Ken Knight, vice president of the North Dakota HomeSchool Association, and Park Ranger Lindsey Tabor were judges at the event and had a difficult time deliberating to name the winners, as according to them each project had merit.

“It's amazing because all of the projects blew me away… there were some that stood out because either the amount of work they put in or the thought processes or the ingenuity to come at things from a different angle that really impressed me… It was a great experience because this is an opportunity for these kids to open their hearts and their minds,” Knight said. “Talking to them and hearing their explanations was educational for me, not necessarily because I am picking up the scientific data, but learning how these kids think. What their focus is on and what is important to them, they are unique individuals that have futures that are going to be bright and wonderful and I am thrilled to be a part of it.”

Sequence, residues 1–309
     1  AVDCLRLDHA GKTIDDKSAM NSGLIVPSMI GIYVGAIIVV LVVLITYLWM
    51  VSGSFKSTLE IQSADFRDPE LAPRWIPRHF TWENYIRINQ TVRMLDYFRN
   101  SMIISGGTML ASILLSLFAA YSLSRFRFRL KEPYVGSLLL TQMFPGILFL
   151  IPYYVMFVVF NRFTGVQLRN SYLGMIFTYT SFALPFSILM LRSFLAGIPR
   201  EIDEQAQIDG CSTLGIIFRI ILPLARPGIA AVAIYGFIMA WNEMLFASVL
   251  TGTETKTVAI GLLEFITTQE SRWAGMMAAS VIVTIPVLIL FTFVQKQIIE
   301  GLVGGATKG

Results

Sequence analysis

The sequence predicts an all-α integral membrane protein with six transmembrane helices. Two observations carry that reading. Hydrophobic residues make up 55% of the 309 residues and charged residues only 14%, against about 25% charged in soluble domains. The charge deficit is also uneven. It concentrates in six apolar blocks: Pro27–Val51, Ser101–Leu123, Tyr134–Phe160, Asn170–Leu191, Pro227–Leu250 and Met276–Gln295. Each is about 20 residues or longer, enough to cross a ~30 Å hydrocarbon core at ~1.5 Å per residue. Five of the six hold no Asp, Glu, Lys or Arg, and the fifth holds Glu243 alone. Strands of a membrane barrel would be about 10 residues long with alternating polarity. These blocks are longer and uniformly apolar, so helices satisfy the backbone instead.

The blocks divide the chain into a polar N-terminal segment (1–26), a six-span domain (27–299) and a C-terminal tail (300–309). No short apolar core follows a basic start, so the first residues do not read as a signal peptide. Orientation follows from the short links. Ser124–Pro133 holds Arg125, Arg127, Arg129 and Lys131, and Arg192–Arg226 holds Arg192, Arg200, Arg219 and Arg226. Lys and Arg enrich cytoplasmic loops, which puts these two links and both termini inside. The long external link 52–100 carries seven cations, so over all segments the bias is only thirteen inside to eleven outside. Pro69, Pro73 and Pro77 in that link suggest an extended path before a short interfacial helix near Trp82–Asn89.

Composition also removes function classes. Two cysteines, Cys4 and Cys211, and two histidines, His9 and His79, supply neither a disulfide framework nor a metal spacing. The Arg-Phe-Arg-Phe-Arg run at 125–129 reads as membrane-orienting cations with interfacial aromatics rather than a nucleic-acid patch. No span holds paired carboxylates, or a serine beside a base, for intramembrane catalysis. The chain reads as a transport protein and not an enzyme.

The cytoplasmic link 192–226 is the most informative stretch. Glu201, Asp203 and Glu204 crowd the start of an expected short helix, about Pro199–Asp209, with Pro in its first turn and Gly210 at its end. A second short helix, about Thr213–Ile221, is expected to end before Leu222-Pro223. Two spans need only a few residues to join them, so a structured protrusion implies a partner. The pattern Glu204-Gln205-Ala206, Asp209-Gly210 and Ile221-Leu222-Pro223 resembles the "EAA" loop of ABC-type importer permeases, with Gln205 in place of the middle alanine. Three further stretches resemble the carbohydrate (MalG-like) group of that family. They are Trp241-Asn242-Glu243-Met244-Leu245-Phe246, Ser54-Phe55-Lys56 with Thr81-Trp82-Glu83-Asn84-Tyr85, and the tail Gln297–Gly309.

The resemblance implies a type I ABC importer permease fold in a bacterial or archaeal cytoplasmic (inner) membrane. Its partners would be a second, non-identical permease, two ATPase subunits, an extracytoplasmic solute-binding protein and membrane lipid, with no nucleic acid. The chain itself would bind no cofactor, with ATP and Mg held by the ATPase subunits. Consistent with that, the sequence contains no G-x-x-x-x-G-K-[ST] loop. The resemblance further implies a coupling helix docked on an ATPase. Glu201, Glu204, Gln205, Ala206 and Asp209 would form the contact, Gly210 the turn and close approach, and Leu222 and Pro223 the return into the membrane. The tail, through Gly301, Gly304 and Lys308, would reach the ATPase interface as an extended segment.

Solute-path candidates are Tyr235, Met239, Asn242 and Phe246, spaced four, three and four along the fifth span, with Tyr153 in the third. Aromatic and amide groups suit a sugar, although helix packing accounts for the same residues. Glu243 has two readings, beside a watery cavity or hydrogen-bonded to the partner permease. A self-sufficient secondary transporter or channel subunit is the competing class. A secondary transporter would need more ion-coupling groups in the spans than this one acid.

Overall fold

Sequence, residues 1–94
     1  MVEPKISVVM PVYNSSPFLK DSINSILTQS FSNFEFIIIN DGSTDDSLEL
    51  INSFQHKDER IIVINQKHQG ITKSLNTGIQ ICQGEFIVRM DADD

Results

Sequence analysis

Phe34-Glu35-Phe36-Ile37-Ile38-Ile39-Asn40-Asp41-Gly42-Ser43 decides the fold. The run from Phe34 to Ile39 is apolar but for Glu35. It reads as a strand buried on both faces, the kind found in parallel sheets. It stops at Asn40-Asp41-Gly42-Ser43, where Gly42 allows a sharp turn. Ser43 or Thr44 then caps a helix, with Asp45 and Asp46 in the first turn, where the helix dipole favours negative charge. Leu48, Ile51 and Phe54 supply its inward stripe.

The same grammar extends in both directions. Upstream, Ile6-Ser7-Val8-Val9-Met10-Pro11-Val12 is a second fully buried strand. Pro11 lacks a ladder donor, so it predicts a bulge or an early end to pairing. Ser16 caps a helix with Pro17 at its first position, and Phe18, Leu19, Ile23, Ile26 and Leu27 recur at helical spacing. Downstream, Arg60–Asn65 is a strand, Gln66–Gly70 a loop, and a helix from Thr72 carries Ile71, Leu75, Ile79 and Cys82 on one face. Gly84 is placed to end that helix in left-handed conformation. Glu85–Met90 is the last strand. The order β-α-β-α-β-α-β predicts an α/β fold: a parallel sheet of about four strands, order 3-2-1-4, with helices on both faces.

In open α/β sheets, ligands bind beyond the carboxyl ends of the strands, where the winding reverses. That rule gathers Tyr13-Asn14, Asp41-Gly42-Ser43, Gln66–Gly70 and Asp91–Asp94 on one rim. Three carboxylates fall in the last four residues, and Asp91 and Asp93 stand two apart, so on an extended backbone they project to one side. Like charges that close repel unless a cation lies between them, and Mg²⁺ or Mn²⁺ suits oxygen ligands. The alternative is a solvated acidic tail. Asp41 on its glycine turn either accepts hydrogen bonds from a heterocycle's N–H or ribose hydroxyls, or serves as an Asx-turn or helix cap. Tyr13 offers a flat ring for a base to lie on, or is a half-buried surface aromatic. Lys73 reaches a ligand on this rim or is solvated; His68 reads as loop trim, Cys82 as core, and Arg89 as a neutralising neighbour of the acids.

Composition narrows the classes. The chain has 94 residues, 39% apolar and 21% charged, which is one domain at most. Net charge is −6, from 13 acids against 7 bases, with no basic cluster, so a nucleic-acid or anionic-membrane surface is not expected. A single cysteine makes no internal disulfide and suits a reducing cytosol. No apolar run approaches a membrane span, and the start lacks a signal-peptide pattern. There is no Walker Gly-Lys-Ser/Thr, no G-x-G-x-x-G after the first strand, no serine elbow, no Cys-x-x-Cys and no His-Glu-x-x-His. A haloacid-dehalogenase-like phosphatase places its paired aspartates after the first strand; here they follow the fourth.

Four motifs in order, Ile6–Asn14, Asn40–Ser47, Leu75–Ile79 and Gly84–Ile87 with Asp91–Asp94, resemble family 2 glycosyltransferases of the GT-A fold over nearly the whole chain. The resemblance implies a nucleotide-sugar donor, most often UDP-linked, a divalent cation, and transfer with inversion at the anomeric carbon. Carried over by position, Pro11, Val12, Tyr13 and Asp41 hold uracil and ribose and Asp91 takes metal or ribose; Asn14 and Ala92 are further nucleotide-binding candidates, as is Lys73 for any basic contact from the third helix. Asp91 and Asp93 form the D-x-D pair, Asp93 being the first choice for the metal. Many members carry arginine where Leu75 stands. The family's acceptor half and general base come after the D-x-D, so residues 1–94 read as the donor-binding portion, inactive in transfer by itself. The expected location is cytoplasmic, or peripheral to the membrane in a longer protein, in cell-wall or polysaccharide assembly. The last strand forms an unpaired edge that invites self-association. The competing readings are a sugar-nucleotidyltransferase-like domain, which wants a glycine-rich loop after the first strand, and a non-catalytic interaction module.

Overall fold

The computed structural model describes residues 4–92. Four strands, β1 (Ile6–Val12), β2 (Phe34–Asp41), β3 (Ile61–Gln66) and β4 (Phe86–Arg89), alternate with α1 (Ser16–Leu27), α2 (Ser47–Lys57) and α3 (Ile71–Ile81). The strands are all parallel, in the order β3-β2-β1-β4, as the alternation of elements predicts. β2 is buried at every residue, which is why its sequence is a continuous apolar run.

Celine Lefor, a fifth grade competitor said that science is one of her favorite subjects.

“My project is called ‘Egg-ceptional Air Pressure.’ It is the project where an egg goes in and out of a bottle. It is all about air pressure… It is basically warm air that puts it in and out,” Lefor explained of her project. “I use a nail heater to warm the air up but it goes through conduction. It heats the glass and then the glass heats the air inside.”


Celine Lefor standing by her first place science fair project, 'Egg-ceptional Air Pressure.' (Josiah C. Cuellar/The Dickinson Press)

Lefor’s first science fair was a success and she said she was really surprised to receive first place. She also mentioned that she enjoyed seeing all the projects and how they were all really cool.